Now is the right time to become an American Federation of Musicians member. From ragtime to rap, from the early phonograph to today's digital recordings, the AFM has been there for its members. And now there are more benefits available to AFM members than ever before, including a multi-million dollar pension fund, excellent contract protection, instrument and travelers insurance, work referral programs and access to licensed booking agents to keep you working.

As an AFM member, you are part of a membership of more than 80,000 musicians. Experience has proven that collective activity on behalf of individuals with similar interests is the most effective way to achieve a goal. The AFM can negotiate agreements and administer contracts, procure valuable benefits and achieve legislative goals. A single musician has no such power.

The AFM has a proud history of managing change rather than being victimized by it. We find strength in adversity, and when the going gets tough, we get creative - all on your behalf.

Like the industry, the AFM is also changing and evolving, and its policies and programs will move in new directions dictated by its members. As a member, you will determine these directions through your interest and involvement. Your membership card will be your key to participation in governing your union, keeping it responsive to your needs and enabling it to serve you better. To become a member now, visit www.afm.org/join.

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Home » Recent News » Former Nike Worker Calls on Students to Cover Their Logos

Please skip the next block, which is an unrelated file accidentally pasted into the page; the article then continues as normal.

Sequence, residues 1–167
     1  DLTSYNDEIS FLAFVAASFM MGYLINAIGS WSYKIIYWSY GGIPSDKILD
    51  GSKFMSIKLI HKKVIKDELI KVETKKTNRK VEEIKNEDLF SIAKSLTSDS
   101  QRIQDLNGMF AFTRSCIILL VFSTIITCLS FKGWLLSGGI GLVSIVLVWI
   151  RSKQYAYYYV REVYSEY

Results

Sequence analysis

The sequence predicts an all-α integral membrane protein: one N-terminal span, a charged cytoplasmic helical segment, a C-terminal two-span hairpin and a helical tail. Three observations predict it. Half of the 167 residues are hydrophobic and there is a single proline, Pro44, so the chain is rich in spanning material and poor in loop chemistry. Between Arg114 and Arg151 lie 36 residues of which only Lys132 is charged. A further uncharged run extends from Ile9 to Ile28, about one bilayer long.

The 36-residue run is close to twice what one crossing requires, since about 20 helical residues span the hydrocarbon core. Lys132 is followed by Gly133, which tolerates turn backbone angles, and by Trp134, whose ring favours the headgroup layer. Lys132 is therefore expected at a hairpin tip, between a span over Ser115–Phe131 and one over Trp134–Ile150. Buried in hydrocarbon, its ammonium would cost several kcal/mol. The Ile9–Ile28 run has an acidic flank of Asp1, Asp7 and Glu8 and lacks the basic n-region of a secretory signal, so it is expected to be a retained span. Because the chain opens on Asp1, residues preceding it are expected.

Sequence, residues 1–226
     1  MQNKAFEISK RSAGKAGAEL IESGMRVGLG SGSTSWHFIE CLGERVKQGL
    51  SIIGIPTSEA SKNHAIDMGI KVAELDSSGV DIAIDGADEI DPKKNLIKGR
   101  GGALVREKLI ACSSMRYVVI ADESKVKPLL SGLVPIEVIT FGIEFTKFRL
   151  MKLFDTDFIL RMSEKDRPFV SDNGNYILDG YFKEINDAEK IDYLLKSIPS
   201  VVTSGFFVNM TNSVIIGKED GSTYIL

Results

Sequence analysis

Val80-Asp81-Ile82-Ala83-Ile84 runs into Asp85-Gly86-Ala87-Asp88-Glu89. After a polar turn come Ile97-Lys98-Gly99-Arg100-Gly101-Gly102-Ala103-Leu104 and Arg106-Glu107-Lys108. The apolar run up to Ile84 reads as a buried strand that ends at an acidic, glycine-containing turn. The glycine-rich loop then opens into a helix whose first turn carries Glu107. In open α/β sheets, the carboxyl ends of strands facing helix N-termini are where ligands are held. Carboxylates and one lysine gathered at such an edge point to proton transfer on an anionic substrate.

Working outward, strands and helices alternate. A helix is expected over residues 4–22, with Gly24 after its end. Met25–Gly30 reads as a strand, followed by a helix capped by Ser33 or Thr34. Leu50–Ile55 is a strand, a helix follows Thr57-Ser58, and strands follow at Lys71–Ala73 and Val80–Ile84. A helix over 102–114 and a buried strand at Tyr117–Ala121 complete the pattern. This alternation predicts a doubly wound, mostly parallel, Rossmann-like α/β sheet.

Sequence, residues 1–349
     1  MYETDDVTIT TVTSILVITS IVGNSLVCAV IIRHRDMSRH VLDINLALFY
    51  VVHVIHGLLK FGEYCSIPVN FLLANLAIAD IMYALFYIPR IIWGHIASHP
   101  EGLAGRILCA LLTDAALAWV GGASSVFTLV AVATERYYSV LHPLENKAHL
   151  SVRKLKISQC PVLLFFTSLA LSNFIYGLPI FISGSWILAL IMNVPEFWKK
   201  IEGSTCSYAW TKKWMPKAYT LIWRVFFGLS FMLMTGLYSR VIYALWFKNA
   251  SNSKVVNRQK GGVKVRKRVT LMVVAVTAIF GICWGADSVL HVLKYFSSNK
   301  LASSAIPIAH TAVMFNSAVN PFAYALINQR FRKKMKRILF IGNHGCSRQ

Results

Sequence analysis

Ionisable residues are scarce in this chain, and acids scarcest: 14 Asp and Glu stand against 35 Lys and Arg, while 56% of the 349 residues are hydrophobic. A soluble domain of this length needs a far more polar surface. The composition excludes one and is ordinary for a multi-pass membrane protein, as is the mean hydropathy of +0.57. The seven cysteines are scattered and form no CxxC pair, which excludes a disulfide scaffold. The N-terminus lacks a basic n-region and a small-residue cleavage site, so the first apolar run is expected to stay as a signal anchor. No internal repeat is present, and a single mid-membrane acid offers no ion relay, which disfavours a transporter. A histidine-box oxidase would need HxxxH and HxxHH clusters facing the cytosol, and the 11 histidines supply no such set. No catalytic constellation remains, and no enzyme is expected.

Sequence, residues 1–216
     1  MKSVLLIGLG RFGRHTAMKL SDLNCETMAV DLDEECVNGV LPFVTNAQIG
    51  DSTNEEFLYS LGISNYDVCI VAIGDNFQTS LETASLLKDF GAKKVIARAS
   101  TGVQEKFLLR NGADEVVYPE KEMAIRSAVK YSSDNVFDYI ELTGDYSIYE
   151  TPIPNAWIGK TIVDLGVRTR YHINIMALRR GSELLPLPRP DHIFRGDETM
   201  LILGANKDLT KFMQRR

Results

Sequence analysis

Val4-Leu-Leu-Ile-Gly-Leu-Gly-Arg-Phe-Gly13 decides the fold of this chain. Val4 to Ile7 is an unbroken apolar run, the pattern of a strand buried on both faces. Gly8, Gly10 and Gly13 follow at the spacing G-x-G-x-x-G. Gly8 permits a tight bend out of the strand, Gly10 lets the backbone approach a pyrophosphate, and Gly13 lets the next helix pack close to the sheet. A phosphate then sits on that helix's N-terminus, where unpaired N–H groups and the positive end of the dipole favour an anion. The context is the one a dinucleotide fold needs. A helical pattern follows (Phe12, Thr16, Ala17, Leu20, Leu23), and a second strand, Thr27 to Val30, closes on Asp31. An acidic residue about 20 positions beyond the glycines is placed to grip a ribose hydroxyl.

Former Nike Worker Calls on Students to Cover Their Logos

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In her nationwide United Students Against Sweatshops (USAS) tour Cambodian Alliance of Trade Unions (CATU) President Sophorn Yang, a former Nike garment worker, describes the life of an overseas sweatshop worker. She describes how they would pile into trucks traveling long distances and leaving their families behind to work 10 to 14 hours a day for about $150 per month. Employees could be reprimanded for sitting down, yawning, or using the restroom. Despite factory temperatures in excess of 90 degrees they were discouraged from drinking water to lessen the frequency of bathroom breaks. The workers are intimidated from registering with unions. Yang says she was most shocked by the price tag of one Nike sneaker—almost equal to one month’s salary.

The USAS tour is part of a series of student protests organized against Nike for refusing to allow its factories to be inspected by the independent labor rights monitoring organization Workers Rights Consortium (WRC), affiliated with more than 180 colleges and universities. The social media campaign #NikeCoverUpChallege encourages people to cover up their Nike logos just as the corporation has been covering up its mistreatment of workers.







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